I think it's that Christmas carol that we sing, “We Three Kings of Orient Are,” kind of popularized that idea, but it's nowhere to be found in the Bible. What the writer of Matthew's gospel tells us is that they were wise men, which means that they possessed wisdom. And I've told you before, wisdom is very different from knowledge. Yes, there are a lot of smart people who know a lot of facts, that's knowledge. But the Magi possessed wisdom. And wisdom is a very deep inner knowing, a very deep intuition is what they possessed. And they were Magi. It's where we get our word magic, from that same root word. The Magi were magicians, but not magicians the way we understand magicians today. Because magicians today are trying to fool us. They're trying to fool us with sleight of hand and with illusion.
But the actual root of that word magical, if you go back, it was more in line with “mystical.” Magical meant mystical. The Magi were mystics, they weren't trying to fool us with illusion. They were trying to reveal the truth of our being to us. They were truth-tellers. They were seers. Maybe they were clairvoyants, or shamans, or astronomers. They could see into the stars, see into the spiritual realm.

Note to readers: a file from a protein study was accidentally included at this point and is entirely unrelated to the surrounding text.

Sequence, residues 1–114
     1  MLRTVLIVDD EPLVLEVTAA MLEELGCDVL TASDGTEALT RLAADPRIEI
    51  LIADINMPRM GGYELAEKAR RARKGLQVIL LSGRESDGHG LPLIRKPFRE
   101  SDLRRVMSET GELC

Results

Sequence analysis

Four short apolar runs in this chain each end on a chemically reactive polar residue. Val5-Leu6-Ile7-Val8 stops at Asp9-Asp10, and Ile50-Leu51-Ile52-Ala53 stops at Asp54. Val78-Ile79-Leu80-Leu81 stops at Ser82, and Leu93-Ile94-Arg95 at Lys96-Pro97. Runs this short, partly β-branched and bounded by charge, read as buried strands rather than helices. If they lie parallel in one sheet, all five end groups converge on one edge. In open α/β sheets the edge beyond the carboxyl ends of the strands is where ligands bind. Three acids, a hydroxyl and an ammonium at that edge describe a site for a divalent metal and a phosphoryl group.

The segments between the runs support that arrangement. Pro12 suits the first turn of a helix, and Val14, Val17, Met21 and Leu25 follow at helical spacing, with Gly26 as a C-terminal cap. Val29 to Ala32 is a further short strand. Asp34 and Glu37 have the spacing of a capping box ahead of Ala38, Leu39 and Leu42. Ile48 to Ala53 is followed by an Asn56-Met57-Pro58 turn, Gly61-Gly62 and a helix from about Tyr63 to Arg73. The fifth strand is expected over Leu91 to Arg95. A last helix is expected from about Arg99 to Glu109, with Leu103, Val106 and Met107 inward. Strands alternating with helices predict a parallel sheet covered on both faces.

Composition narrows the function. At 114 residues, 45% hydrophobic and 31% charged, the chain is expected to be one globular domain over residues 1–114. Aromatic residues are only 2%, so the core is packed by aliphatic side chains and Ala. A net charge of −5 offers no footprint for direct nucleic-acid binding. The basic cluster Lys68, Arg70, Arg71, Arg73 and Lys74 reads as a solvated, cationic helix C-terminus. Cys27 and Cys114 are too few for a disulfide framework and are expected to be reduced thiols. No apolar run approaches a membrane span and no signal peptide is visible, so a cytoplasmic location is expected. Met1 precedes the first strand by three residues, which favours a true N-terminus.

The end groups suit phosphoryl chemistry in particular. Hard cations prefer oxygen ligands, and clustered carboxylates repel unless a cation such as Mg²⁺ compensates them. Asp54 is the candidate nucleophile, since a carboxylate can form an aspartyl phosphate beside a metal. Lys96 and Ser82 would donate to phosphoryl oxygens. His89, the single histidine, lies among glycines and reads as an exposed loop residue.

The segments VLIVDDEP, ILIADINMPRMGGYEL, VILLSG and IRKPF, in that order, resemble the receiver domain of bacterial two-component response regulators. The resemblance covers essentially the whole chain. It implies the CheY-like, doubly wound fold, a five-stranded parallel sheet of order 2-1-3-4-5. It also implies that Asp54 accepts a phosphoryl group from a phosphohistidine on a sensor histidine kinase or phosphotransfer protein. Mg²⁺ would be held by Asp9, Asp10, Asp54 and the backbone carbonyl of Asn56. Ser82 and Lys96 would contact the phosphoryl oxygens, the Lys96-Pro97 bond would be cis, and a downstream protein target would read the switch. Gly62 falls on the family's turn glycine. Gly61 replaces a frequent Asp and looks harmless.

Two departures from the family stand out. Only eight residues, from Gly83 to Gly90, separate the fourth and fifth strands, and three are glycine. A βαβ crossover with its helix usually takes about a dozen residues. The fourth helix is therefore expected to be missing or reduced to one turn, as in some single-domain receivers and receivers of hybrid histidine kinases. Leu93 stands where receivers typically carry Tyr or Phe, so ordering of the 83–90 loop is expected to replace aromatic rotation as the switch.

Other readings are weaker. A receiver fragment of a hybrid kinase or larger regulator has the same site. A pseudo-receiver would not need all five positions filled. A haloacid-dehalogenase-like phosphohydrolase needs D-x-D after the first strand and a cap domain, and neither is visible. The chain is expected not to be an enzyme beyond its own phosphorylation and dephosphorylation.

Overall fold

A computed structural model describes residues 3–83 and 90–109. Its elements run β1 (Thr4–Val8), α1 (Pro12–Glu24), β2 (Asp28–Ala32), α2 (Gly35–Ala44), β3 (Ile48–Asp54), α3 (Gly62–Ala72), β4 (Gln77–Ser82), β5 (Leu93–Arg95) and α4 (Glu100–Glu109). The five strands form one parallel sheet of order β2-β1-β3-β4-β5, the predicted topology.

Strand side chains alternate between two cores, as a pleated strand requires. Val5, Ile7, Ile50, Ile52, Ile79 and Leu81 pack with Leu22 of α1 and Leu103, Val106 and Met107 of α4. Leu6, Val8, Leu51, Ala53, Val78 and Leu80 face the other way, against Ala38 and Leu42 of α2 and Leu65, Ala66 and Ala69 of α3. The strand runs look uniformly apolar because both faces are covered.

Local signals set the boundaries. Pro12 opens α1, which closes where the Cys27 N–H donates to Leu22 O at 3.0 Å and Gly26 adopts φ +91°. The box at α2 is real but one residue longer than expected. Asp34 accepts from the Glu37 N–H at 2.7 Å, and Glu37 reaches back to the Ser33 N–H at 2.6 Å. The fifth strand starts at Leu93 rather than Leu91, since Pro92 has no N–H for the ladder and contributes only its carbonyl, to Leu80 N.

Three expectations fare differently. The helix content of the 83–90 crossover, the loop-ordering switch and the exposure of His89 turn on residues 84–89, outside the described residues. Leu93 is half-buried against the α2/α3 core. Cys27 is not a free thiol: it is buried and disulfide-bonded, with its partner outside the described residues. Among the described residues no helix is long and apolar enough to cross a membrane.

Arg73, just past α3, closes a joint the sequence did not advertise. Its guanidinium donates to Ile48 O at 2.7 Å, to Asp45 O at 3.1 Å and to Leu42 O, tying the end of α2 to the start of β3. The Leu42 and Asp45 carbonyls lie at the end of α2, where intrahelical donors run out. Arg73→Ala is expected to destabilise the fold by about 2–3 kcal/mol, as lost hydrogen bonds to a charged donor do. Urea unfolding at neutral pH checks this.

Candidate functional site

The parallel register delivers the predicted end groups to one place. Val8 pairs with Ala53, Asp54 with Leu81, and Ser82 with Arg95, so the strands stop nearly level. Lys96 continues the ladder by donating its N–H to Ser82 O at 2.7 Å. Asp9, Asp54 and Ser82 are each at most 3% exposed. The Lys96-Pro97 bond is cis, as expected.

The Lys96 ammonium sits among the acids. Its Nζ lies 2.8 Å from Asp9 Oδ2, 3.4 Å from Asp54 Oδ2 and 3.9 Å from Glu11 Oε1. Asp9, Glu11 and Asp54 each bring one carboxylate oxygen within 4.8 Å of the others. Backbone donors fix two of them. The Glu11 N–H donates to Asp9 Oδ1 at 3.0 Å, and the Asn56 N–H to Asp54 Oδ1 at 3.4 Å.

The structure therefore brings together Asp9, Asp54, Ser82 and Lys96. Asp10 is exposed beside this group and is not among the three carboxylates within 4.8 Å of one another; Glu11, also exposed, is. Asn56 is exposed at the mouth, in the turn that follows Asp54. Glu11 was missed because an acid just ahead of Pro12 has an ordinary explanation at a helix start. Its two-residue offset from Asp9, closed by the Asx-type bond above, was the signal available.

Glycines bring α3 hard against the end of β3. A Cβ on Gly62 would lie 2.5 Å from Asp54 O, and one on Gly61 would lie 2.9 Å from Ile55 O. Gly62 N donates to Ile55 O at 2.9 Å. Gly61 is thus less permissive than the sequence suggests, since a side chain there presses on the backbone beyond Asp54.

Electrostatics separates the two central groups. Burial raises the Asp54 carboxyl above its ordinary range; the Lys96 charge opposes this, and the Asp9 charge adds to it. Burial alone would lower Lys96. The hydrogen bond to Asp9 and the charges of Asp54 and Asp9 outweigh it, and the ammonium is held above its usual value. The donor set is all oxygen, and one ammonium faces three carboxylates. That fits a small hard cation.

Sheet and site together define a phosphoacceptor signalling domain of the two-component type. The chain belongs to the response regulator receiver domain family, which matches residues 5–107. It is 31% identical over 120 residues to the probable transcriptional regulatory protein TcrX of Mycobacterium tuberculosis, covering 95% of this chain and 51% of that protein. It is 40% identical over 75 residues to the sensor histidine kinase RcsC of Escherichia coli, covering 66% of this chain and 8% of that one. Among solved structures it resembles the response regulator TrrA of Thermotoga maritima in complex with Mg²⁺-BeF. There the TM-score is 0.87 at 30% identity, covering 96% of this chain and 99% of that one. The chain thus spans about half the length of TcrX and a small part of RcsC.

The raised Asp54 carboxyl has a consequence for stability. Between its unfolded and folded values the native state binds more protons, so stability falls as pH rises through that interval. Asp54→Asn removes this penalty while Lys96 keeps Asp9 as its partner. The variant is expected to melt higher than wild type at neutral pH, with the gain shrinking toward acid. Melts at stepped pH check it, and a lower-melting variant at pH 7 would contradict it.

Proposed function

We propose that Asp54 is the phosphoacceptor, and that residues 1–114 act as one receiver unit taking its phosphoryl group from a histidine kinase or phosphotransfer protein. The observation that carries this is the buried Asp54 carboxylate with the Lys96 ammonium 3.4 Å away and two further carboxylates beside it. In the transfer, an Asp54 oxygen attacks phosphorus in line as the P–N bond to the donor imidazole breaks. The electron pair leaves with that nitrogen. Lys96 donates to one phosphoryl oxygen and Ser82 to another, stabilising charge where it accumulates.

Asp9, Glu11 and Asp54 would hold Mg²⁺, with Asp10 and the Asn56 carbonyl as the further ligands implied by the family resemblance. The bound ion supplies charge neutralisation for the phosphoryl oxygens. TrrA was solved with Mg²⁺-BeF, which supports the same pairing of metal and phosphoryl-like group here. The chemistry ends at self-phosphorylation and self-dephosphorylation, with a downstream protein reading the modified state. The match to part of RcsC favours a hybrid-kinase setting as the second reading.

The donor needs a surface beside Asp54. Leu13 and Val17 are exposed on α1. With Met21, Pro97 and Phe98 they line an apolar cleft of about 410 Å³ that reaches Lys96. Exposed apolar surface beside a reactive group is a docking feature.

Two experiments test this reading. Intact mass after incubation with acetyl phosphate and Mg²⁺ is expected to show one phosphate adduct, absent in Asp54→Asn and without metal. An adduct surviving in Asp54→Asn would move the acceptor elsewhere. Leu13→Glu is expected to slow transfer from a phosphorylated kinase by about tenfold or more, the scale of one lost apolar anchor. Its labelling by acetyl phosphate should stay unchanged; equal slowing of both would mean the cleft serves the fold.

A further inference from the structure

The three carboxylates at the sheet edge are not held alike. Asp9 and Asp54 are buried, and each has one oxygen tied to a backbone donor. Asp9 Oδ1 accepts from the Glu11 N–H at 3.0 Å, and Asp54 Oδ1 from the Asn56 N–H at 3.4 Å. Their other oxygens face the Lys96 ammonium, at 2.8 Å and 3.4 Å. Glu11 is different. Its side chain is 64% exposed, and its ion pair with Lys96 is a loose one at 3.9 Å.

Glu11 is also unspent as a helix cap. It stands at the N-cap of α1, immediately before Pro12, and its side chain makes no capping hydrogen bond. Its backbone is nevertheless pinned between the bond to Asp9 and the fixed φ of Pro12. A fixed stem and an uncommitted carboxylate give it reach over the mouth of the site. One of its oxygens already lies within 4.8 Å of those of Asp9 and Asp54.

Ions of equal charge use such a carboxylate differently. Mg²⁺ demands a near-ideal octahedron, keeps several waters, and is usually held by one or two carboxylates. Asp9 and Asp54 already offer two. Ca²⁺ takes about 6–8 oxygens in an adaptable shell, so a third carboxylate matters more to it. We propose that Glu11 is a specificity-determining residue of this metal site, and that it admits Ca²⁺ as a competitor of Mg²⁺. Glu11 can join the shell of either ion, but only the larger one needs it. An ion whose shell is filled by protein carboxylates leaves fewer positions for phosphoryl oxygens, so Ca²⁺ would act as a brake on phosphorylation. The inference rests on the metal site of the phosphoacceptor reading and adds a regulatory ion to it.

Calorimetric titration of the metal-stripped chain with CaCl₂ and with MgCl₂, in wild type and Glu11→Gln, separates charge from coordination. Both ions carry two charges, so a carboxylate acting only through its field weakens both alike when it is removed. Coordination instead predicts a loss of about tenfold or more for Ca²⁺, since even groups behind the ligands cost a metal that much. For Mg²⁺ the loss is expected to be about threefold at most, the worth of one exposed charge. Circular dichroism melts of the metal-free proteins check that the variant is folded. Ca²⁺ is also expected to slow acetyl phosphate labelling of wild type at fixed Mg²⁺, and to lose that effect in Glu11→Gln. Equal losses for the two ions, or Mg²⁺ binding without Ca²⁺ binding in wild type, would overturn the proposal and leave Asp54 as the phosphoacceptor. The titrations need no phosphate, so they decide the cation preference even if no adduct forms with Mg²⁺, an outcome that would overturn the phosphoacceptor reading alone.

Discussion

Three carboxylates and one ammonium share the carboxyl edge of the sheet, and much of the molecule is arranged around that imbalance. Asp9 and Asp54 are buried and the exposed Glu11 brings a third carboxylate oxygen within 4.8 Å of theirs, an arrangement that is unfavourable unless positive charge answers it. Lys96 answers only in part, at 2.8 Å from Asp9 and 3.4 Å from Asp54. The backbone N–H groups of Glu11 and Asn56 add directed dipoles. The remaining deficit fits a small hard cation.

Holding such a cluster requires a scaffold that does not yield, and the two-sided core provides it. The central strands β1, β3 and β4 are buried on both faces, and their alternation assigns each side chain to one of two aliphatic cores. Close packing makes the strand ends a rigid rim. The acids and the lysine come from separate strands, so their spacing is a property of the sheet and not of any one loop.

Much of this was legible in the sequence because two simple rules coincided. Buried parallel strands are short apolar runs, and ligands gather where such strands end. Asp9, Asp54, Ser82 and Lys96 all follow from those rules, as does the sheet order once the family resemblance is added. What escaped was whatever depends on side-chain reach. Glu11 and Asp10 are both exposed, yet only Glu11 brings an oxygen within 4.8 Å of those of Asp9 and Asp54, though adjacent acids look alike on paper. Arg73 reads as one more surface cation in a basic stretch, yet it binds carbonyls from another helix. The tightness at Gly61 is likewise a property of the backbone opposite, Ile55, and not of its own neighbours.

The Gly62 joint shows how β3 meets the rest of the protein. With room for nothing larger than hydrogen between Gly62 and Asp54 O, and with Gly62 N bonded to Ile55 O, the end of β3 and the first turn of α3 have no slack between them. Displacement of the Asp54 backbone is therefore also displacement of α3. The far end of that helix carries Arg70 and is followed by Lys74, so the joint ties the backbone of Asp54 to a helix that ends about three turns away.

And one of my favorite things about the Magi is that they were from “the east,” which means they were from the eastern spiritual traditions. They were foreigners. They looked different from Jesus. I remember when I was a kid, I would love putting out the nativity set and putting out the Magi because they looked so different from everyone else in the scene. There was something mystical about them. They spoke a different language. They practiced different traditions.
And what's so amazing to me about that is that it shows us that the light of the world came for all people. Not just for Christians, for all people. The greatest epiphany that we can have is the discovery of that light with us and within us, when you discover that the light of the world is within you, just as Jesus said it was. And when you begin to see that same light in every single person, that's the greatest epiphany that you can have. Once more and more of us begin to discover that light within ourselves and within one another, we will heal the world. We will begin to transform.